Local pumas don’t sense danger in places where they’re most often killed by humans

A puma walking in the forest at night
Pumas in the Santa Cruz Mountains often traverse areas of intermediate housing density at night, when there are few obvious signs of human activity. But these areas were actually especially dangerous for pumas during the study period because of the risk of retaliatory killings. Photo: Sebastian Kennerknecht/PumaPix.com

A new study led by UC Santa Cruz researchers suggests that pumas in the Santa Cruz Mountains don’t make accurate assessments of where they are most likely to be killed by humans, especially when it comes to the threat of being killed in retaliation for loss of livestock.

Mountain lions fear humans and alter their behavior in order to avoid areas with high housing density, where human activity is most obvious. But it’s actually areas of intermediate housing density that prove the most lethal for pumas in the Santa Cruz Mountains. That’s largely because these areas are where conflicts arise over livestock. Between 2009 and 2019, the leading cause of death for mountain lions in the region was “retaliatory killings,” where a landowner kills a puma for preying on livestock—most often goats kept in small numbers on rural residential properties. 

Researchers analyzed data on retaliatory killings over this 10-year time period and found that they accounted for 36% of all puma mortality and the majority of human-caused deaths. The team then looked for patterns in the distribution of risk from these killings over space and time. They compared this with tracking data from pumas outfitted with GPS collars, which shows how the cats choose habitats. This comparison demonstrated what is likely a mismatch between pumas’ perception of risk and actual risk from humans over 17% of the study area.

Chris Wilmers, a professor of environmental studies who leads the Santa Cruz Puma Project, was the senior author on the paper, and Anna Nisi, a former graduate researcher in Wilmers’ lab, was the study’s lead author. The team believes their findings show that humans are “unpredictable predators” for pumas. 

“The people who carry out retaliatory killings are distributed in places where there are fewer cues related to overall levels of human activity that pumas can use to understand risk,” Nisi explained. “So, while pumas usually behave in ways that allow them to avoid encountering humans, there are places that appear safe to them that actually carry a lot of risk.” 

Pumas did tend to avoid regions of intermediate housing density during the day, but they seemed to actually prefer these high-risk habitats at night. Researchers didn’t find any indication that this was related to hunting behavior. Domestic animals make up only 4% of puma diets, and the team’s analysis showed that pumas killed for preying on livestock weren’t skinnier than others and hadn’t gone longer since the last kill of their primary food source: deer. This means pumas likely weren’t attracted to these areas because of the opportunity to eat livestock. The research team has a different theory.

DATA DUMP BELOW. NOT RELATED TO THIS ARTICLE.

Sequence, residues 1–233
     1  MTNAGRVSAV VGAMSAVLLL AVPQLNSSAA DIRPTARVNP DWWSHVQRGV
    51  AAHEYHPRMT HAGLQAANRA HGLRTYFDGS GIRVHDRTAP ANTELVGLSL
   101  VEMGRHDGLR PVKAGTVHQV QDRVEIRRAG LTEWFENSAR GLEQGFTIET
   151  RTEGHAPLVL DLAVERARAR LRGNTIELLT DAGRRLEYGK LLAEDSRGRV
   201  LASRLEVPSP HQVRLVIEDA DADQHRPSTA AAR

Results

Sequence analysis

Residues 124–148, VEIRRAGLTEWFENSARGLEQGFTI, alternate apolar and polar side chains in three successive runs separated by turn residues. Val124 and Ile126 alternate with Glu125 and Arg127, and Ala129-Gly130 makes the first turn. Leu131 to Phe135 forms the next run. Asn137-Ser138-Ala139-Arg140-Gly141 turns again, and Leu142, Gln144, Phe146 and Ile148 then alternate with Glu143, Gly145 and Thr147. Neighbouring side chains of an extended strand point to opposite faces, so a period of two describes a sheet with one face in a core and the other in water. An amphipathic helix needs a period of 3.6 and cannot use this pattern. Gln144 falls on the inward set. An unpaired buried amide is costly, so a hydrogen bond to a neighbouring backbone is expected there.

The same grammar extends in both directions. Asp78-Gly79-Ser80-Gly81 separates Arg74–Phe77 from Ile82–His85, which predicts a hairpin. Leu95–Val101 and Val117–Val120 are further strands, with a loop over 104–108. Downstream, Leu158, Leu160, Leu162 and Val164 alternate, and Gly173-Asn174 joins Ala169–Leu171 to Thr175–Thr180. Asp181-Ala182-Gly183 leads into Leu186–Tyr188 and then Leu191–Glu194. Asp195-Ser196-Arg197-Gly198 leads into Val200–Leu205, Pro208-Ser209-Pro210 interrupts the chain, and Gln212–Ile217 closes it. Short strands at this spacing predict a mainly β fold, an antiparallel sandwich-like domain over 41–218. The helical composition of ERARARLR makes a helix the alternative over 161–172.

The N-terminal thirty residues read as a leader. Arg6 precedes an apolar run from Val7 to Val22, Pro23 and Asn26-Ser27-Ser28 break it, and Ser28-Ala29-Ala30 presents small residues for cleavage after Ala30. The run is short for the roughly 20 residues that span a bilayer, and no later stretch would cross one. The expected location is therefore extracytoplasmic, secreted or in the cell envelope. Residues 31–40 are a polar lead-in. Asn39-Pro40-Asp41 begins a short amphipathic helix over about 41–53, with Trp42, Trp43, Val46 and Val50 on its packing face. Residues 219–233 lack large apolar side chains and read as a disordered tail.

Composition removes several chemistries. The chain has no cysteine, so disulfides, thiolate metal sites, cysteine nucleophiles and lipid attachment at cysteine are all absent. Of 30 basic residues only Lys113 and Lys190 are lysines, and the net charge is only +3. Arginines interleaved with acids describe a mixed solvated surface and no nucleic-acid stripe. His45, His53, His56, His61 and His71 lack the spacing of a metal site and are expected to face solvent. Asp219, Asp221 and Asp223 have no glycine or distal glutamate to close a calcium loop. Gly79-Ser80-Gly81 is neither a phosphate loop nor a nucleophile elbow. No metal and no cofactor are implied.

“Pumas' spatial requirements are quite large, which means that, in the Santa Cruz Mountains, most animals have some degree of habitat fragmentation in their home ranges,” Nisi said. “We think the reason why we see them using these intermediate housing density areas at night is that they simply need to traverse these spaces, so they end up doing that at night, when there's less chance of encountering a person.”

Unfortunately, crossing these areas at night doesn’t spare pumas from chance encounters with livestock. And if a mountain lion seizes the opportunity for an easy meal, they may then become a target for retaliatory killing. Hunting or killing of mountain lions has been illegal in California since 1990, but there are exceptions for the protection of livestock. The California Department of Fish and Wildlife issues “depredation permits” that allow for killing of mountain lions in verified instances when a domestic animal has been attacked. 

The vast majority of retaliatory killings analyzed in the study were permitted. However, after the study period, the process for issuing depredation permits in the Santa Cruz Mountains changed significantly. In 2020, local pumas received temporary special protections as part of a proposal to list certain regional populations of mountain lions under the California Endangered Species Act. These temporary protections require a step-wise process of nonlethal efforts to deter mountain lions before a depredation permit can be issued. 

Nisi says improved animal care practices—like keeping livestock in a covered enclosure at night—can significantly reduce the risk of pumas preying on domestic animals. If the proposal to list local mountain lions under the California Endangered Species Act is approved, these types of nonlethal measures might become a first-resort on a more permanent basis. Also, Chris Wilmers, who has been studying local mountain lions for over a decade, says he hopes the new paper’s findings will draw attention to the broader issue of how development patterns set the stage for conflict. 

“This study is an example of how low-density, exurban areas are where we see the most human-wildlife conflict, and that can turn a place that could have been a potential habitat into an area with high mortality,” Wilmers said. “I think that should give us pause about how much of this type of sprawl we're allowing across the landscape, especially since it’s the most rapidly increasing kind of development throughout the American West.”